They’ll also suffer significant damage to their intestinal wall as these worms move about and find new spots to hook onto. Cats with severe infection will often excrete darker colored feces, which is usually an evidence of digested blood.
Other common symptoms of hookworm infection in adult/older cats include occasional vomiting, weakness, and bloody feces. Some of these symptoms however bear some similarity to panleukopenia. So, talk to your veterinarian to test for both, just in case they both exist in the cat’s body at the same time.
These are more common in cats and easy to spot because of their size. There are two major common species: the Toxocara cati and Toxascaris leonina. Even though both of them are roundworms, they have a few distinguishing features.
Roundworm adults are generally peach colored and 3-5 inches long. They are usually found in the intestines of between 3 and 7 cats out of every 10 older and adult cats and has an even higher rate of infection among kittens.
They usually get their nutrition from feeding off of the host cat’s ingested food. Unlike the hookworm however, they don’t attach or hook themselves to the cat’s intestines –which makes them the “lesser evil” in a sense.
Cats that are infected by roundworms typically get them from eating roundworm larvae infested rodent tissue or swallowing eggs that are either in the soil or attached to food particles on the ground.
The eggs in the soil are usually from cat feces and are often produced by the female roundworm while in the cat’s intestine. Younger cats and kittens that are dependent on the queen for milk often get these worms by ingesting the larvae in the queen’s milk.
In fact, this is how and why many kittens often get roundworms –particularly the Toxocara cati– within their first few hours to days on earth.
Toxascaris leonina on the other hand, is very rare, if not completely absent in kittens younger than eight weeks. This is largely because they aren’t can’t be passed through the queen’s milk to the kittens.
Older cats with roundworms will most likely, not suffer any side effects or major symptoms. But, younger juvenile cats and kittens may have bouts of constipation, poor appetite, diarrhea and vomiting.
The best thing to do is get them treated as soon as you notice these symptoms. If you don’t treat quickly and allow the infection fester, the cat or kitten might suffer from perforated intestines or anemia –two conditions that can result in their death.
So, even though the last two scenarios are very rare, it’s still enough for you to take the necessary precautions and get your cat’s feces tested periodically. Please note that testing just once is insufficient as the adult worms only release their eggs once in a while.
So, just because your cat tested negative to roundworm infection today, doesn’t mean the test won’t be positive in a week or two.
While this isn’t as common in cats as it is in dogs, it still happens enough to be a source of concern. It is estimated that less than five percent of all cats in northern America have this parasite. And when they get infected, they have what is known as Giardiasis.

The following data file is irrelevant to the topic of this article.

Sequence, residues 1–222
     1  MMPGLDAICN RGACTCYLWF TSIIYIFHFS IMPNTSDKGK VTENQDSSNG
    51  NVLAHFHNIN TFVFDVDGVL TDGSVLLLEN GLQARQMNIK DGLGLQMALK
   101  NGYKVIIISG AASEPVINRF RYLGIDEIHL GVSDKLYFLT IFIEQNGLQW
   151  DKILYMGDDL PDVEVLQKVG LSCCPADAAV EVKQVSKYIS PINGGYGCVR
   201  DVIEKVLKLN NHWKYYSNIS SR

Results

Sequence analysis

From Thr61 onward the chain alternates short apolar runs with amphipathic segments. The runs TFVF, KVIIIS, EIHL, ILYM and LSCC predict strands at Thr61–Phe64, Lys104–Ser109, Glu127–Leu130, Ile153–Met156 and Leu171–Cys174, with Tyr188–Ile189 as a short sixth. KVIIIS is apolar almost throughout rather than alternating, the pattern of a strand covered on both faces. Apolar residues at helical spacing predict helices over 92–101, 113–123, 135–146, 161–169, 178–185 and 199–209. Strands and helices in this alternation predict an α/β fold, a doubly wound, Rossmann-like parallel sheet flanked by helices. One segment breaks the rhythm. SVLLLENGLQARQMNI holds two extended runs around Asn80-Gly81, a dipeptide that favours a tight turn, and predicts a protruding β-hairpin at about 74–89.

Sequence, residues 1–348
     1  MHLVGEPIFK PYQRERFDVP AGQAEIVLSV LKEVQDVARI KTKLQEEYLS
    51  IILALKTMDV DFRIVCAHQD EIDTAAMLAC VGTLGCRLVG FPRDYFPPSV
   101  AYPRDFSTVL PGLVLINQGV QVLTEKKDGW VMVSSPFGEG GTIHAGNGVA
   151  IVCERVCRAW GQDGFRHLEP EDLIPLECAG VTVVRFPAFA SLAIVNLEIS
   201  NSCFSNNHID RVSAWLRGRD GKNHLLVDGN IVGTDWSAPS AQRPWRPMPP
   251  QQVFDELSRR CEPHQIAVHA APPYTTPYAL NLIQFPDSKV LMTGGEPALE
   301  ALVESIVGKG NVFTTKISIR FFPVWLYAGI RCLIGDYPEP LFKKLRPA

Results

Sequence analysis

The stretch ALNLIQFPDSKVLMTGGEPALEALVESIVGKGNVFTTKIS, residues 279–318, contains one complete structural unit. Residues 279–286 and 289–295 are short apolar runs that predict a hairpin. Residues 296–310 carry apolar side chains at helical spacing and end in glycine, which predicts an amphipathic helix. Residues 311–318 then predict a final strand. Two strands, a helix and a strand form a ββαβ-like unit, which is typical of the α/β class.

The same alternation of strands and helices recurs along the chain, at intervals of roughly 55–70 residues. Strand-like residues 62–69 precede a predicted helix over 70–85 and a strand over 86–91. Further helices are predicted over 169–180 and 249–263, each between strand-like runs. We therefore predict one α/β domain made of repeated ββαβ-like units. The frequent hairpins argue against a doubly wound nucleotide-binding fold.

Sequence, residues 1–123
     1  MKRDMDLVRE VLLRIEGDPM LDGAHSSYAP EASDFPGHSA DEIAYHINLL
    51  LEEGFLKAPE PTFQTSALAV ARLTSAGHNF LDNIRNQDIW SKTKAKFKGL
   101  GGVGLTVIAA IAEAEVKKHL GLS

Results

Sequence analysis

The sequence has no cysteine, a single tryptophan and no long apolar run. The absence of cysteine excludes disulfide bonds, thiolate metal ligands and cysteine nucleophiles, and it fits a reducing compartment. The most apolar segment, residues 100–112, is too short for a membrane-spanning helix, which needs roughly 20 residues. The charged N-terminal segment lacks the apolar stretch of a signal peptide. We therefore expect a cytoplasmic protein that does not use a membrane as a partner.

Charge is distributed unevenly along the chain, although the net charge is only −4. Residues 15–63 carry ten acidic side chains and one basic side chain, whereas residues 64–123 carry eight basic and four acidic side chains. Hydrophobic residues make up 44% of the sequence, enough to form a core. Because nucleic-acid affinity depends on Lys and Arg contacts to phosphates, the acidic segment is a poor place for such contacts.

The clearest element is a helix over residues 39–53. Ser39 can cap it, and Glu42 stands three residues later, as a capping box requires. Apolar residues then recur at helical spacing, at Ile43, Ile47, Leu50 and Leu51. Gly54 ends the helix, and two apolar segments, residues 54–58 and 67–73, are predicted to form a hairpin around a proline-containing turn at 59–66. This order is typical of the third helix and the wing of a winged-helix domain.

Giardia is a unicellular organism that also doubles as a parasite when it resides in cat intestines. Infection in cats only occur when they ingest the cysts from another infected cat or dog.
As a result, you would most likely observe a frequent occurrence of Giardiasis in homes or households where there are multiple cats or pets. It’s not often found in cats that are older than a year, therefore, you’ll most likely only find it in young cats and kittens.
There are differing opinions on the resistance of the cysts to water chlorination and freezing. However, drying and exposure to the sunlight seems to work effectively in killing off the organisms.
Cats infected with the cyst will not manifest any symptoms until about sixteen days as that’s how long it’ll take for the organisms to break out of their cysts and start colonizing the intestine. The good news is that it is possible for older cats to be hosts to this organism without it affecting their wellbeing.
The major symptom of Giardiasis is intermittent or persistent watery diarrhea. If your veterinarian suspects Giardia, all they will do is mix some of the stool sample with saline, observe the slide under the microscope, and the wriggling protozoans will light up like a Christmas tree.
Other symptoms of a Giardia infection are rectal prolapse and rapid weight loss. So, if you have a kitten that’s younger than a year, and starts exhibiting these symptoms, it might be possible that you have a case of giardia on your hands and need to see the vet quickly, seeing as the rectal prolapse can result in the loss of life for kittens in particular.
While there are treatment options for giardia including the administering of vaccines and/or medications, there’s a strong chance that the organisms will be resistant to the medications. Your best bet is to put preventive measures in place so that there’s no infection in the first place (we’ll talk about preventive measures very shortly).
Also known as Toxoplasma gondii, this cat poop parasite infection is known as toxoplasmosis. This can infect many animals, and rarely causes any issues. Cats however, are the only animals in which the parasite reaches its full cycle and life span.
It’s also the most likely source of infection for humans. So, while other animals can get infected without ever exhibiting any symptoms or suffering from the disease, immunosuppressed individuals tend to suffer the most from the infection.
One of the infections that can make the jump from cats and animals to man, humans become infected with they accidentally ingest some food particles that have had some form of contact with cat feces that’s riddled with the organism.